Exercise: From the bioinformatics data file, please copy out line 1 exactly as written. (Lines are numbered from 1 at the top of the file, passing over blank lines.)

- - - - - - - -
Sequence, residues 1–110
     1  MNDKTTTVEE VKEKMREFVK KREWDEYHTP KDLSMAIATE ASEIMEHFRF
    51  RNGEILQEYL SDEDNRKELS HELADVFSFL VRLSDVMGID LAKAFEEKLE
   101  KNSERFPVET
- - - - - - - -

Sequence, residues 1–110